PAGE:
The bike was a wreck. Me and another random guy (who was on his bike) stayed behind and waited for the cops to turn up. Someone had taken the onus to inform them down the road so that they could come and take care of the vehicle.

So we waited to hand over the same to the cops, who as expected, didn't turn up. In the end, we had to park his bike on the roadside and decided to hand the keys over to the guy himself (whom we expected to have reached the hospital by that time).

This way, we hoped to check on the guy's well-being too. Reaching the nursing home, we found him all clothes torn, swollen up and unable to speak (due to the bandages around his face) and nursing some broken bones. but he was able to identify and acknowledge us.

It seems he would survive an recover, thankfully.

I just reached home a few minutes back. And all along the way back I had but only one thought.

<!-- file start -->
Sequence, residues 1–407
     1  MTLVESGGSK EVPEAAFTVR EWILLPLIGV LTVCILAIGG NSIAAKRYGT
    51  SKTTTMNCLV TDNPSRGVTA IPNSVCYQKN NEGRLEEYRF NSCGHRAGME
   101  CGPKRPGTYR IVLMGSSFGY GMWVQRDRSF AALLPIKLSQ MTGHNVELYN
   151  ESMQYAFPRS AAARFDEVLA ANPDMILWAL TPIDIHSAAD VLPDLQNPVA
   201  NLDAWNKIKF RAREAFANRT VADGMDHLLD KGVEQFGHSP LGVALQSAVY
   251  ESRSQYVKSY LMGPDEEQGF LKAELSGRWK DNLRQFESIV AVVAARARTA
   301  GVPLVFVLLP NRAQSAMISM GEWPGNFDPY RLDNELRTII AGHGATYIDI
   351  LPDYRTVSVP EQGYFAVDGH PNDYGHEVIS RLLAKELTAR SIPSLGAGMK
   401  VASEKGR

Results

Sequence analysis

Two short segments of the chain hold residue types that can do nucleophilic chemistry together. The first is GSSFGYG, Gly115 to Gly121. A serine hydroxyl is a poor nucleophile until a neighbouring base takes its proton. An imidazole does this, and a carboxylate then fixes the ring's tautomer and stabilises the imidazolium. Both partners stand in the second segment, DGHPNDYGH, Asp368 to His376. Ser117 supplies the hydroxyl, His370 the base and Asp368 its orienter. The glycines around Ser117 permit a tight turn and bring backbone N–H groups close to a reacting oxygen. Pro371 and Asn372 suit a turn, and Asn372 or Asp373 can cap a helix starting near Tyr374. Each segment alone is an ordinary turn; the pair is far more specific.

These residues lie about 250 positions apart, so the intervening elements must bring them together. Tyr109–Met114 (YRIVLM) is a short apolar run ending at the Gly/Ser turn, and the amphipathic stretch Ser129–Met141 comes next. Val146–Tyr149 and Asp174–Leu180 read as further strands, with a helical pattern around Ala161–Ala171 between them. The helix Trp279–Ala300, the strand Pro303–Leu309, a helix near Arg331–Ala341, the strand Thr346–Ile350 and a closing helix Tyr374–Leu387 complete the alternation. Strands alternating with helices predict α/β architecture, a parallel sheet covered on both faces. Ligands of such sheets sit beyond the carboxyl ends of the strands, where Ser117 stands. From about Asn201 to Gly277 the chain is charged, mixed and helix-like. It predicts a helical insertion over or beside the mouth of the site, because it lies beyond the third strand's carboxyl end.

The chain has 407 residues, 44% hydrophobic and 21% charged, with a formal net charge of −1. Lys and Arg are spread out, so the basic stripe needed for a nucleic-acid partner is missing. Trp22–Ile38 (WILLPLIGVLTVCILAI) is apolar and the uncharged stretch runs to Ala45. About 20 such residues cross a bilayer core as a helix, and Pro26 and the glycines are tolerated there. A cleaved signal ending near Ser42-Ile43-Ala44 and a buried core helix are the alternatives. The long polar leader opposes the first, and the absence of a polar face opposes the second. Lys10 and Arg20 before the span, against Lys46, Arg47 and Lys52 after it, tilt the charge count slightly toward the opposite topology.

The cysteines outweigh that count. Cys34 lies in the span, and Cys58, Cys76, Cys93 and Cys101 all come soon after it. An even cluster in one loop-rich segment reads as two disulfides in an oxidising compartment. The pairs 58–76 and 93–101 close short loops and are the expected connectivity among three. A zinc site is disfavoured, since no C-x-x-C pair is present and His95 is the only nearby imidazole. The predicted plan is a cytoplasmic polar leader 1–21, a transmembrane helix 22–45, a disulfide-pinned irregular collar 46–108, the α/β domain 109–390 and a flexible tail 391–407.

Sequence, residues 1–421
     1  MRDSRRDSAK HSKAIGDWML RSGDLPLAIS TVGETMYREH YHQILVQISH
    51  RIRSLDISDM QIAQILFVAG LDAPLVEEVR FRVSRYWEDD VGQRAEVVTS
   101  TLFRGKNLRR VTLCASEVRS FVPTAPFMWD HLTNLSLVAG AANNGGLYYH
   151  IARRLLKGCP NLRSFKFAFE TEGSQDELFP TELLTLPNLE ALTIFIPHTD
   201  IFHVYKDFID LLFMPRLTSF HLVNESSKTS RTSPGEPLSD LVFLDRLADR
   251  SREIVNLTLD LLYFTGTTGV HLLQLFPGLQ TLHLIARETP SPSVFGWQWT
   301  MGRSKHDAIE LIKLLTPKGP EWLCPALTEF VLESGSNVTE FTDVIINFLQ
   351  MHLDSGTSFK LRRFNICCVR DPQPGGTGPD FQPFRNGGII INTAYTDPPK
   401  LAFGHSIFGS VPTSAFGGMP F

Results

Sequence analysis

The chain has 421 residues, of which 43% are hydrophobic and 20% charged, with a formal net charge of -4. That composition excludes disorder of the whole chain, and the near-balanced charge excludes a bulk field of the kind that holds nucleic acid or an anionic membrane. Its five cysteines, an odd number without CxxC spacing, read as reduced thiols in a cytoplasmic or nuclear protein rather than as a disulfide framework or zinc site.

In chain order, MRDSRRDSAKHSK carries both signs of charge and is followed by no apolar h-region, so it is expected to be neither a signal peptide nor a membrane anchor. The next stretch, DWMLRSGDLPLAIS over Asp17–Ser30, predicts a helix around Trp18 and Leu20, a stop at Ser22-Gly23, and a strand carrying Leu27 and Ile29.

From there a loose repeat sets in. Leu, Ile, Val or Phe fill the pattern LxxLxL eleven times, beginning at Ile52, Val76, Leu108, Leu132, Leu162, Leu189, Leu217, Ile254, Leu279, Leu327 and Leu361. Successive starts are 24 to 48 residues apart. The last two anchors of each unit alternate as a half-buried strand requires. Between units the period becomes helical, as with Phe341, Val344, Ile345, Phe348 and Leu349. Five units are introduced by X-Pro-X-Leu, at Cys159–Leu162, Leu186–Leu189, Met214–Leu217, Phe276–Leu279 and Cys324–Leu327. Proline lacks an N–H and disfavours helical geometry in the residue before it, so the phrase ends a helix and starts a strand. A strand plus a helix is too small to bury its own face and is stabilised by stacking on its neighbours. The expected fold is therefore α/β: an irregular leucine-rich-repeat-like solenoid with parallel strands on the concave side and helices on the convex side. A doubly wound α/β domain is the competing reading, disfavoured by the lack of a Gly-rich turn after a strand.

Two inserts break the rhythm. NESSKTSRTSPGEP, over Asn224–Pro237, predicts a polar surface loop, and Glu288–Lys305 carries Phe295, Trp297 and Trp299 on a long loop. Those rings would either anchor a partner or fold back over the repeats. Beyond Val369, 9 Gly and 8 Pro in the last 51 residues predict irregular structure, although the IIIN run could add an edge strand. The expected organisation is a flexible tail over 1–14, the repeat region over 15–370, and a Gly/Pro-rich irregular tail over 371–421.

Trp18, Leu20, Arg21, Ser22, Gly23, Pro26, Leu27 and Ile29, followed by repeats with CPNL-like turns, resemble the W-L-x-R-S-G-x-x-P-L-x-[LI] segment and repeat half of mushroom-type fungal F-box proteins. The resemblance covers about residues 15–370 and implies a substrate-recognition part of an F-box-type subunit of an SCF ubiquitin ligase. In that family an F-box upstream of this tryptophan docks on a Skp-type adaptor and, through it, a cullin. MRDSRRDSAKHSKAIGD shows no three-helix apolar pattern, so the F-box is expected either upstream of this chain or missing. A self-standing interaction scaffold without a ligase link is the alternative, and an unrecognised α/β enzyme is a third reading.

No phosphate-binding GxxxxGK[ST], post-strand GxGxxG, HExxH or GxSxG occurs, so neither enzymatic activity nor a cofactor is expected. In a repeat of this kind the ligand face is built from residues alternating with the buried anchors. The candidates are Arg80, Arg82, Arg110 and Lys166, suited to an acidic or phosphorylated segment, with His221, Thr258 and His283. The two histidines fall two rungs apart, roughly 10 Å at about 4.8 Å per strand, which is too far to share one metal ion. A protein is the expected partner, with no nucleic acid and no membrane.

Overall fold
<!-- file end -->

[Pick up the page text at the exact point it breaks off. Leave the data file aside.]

How sudden and unpredictable life is.. and how much dependent we all are for our survival on the virtues of our society, on the mood and courage of our fellow beings!

An incident like this puts many things in perspective. Seeing what is known to all, and happens time and again, I wondered why people don’t have the courage and the heart to stop and help someone in need?

And what was most disheartening was that many of those who moved on, they were those my age, the youth!

We, the ones, who on one hand are responsible for changing conventional mind-sets of our society, who bring in waves of change in politics and what not; and on the other, we still follow the pretend play of closing our eyes and moving on! Such double standards, I ask?

I have never stepped back from my social responsibility and will continue to do so till I can, but will someone stop by for me in my time of need?

With so many instances all around us daily, I cannot help but think that if even 20 people stop to help someone in need daily, 20 lives can be saved in a day!

Think about them, those who can be helped, their families, their future, their lives which would follow thereafter!

I have nothing more to say but this, only if I have the courage today to be selfless, to stop and save someone in need, will someone tomorrow do the same for me.

Think about it.
(sorry for the long rant, but I had to do it)